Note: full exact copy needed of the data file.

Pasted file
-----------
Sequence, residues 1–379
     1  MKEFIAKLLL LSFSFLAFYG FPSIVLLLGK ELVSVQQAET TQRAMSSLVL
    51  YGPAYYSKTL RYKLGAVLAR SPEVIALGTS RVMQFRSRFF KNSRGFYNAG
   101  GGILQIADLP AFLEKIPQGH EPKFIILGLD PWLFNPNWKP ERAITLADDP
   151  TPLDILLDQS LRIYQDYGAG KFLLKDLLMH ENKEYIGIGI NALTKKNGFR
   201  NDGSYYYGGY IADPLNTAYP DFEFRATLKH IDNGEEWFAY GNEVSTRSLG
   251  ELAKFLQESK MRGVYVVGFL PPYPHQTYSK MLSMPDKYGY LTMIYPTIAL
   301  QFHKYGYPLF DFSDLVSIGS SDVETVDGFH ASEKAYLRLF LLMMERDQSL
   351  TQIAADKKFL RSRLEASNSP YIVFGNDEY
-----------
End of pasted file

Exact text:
Sequence, residues 1–379
     1  MKEFIAKLLL LSFSFLAFYG FPSIVLLLGK ELVSVQQAET TQRAMSSLVL
    51  YGPAYYSKTL RYKLGAVLAR SPEVIALGTS RVMQFRSRFF KNSRGFYNAG
   101  GGILQIADLP AFLEKIPQGH EPKFIILGLD PWLFNPNWKP ERAITLADDP
   151  TPLDILLDQS LRIYQDYGAG KFLLKDLLMH ENKEYIGIGI NALTKKNGFR
   201  NDGSYYYGGY IADPLNTAYP DFEFRATLKH IDNGEEWFAY GNEVSTRSLG
   251  ELAKFLQESK MRGVYVVGFL PPYPHQTYSK MLSMPDKYGY LTMIYPTIAL
   301  QFHKYGYPLF DFSDLVSIGS SDVETVDGFH ASEKAYLRLF LLMMERDQSL
   351  TQIAADKKFL RSRLEASNSP YIVFGNDEY